I hate the feeling when I don't know something.
This is where impostor syndrome hits.
I had this feeling when my teammate said, "Oh, just use X pattern" and I had no idea what that was.
This is why I've studied and scoured the internet for all sorts of resources on design patterns.
I'm gonna jumble them all up into this series on design patterns.
This is the first post of the series, where we will go over:
- What are design patterns?
- History of design patterns
- Why should you learn them?
- Different types of design patterns
If you google design patterns, you would get something like this:
In software engineering, a software design pattern is a general, reusable solution to a commonly occurring problem within a given context in software design. It is not a finished design that can be transformed directly into source or machine code.
Honestly this sounds way too complicated.
Basically, a design pattern is a solution to a common problem in software design. You can think of them as blue-prints that you can customize to solve a recurring problem in your code.
Patterns are not snippets of code, that you can simply copy. Patterns give you a general solution, you can follow and alter the solution to fit your application specific needs.
Patterns are often confused with algorithms, they both indeed offer a solution to common problems. Algorithms give a step-by-step guide to the solution while a pattern gives more of a high-level concept of the solution.
Patterns are not only used in software, they are also used in other fields of engineering. A pattern is simple a common solution to a recurring problem, this description can be applied to many different fields.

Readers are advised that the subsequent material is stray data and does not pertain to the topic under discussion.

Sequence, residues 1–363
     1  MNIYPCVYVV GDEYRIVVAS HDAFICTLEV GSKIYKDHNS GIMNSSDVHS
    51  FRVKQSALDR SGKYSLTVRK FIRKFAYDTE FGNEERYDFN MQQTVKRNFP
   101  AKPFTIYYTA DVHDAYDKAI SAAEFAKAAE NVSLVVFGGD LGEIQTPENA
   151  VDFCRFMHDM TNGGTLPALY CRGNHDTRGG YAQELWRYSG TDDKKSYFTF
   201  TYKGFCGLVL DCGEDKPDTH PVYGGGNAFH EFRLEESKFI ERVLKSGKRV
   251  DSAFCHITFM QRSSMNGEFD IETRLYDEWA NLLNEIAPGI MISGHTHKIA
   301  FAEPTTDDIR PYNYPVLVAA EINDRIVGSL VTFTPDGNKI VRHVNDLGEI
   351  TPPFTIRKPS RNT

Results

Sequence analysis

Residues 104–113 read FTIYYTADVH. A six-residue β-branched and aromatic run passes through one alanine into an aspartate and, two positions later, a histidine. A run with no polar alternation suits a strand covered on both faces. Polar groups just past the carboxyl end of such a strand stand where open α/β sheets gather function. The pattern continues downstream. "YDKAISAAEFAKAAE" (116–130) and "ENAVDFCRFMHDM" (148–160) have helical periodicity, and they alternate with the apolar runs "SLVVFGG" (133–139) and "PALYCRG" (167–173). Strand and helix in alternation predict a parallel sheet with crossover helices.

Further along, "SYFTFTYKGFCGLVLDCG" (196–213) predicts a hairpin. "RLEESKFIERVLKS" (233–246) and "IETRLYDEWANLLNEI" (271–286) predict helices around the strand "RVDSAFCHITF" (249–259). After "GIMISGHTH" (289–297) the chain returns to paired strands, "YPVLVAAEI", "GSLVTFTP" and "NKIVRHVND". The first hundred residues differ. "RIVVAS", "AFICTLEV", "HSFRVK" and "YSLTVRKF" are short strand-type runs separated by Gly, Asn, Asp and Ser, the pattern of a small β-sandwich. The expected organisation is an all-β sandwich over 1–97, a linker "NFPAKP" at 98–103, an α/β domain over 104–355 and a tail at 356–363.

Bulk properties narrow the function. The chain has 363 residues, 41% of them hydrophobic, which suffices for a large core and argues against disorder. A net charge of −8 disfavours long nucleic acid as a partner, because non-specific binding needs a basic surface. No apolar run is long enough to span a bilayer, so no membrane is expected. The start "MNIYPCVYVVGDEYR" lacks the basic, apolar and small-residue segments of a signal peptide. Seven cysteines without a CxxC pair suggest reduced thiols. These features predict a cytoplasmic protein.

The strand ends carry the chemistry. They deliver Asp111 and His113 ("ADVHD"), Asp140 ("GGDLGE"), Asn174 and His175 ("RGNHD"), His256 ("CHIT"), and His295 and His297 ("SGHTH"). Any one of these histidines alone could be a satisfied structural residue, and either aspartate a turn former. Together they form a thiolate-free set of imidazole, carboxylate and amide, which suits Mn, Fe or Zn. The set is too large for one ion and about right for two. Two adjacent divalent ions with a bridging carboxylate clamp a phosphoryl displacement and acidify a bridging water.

The concept of a pattern first came in civil engineering by an engineer named Christopher Alexander. While working on designing buildings and towns, he saw that there came many recurring problems and general solutions to solve them. He documented his experience in his book A Pattern Language: Towns, Buildings, Construction.
The same idea was picked up by software developers notably:
- Erich Gamma
- John Vlissides
- Ralph Johnson
- Richard Helm
In 1994 they wrote the first book on software design patterns named Design Patterns: Elements of Reusable Object-Oriented Software. This book introduced 23 patterns solving various problems of object-oriented design. Due to its long name, people started calling it "the book by the gang of four", which was soon shortened to "the GoF book".
I personally know many developers who don't know any patterns but manage just "fine". A lot of developers are like that. They even might be implementing some patterns without even knowing it. So what's the point of learning these so called "patterns"?
- Design patterns is a toolkit of solutions to common problems. Even if you won't ever encounter such problems, it's still beneficial to know how to solve them using object-oriented design principles.
- It provides a common language between developers. You can simply say to your colleague, "Oh, just use a singleton for that", and everyone will understand you. There's no need to explain what a singleton if you already know the pattern.
Patterns can be categorized by their intent, or purpose. The three main groups of patterns are:
- Creational patterns: helps us better create/instantiate objects, making them more flexible and reduces code duplication.
- Structural patterns: helps us combine objects into larger entities while maintaining flexibility and efficiency.
- Behavioral patterns: helps us with communication between objects, makes sure to reduce side effects.
I hope you were convinced by the end of this to study design patterns, or to at least think about them. In the upcoming weeks I will dedicate a post to a specific pattern, so stay tuned for that.
As always if you have any questions, feel free to leave them down in the comments and I will get back to you.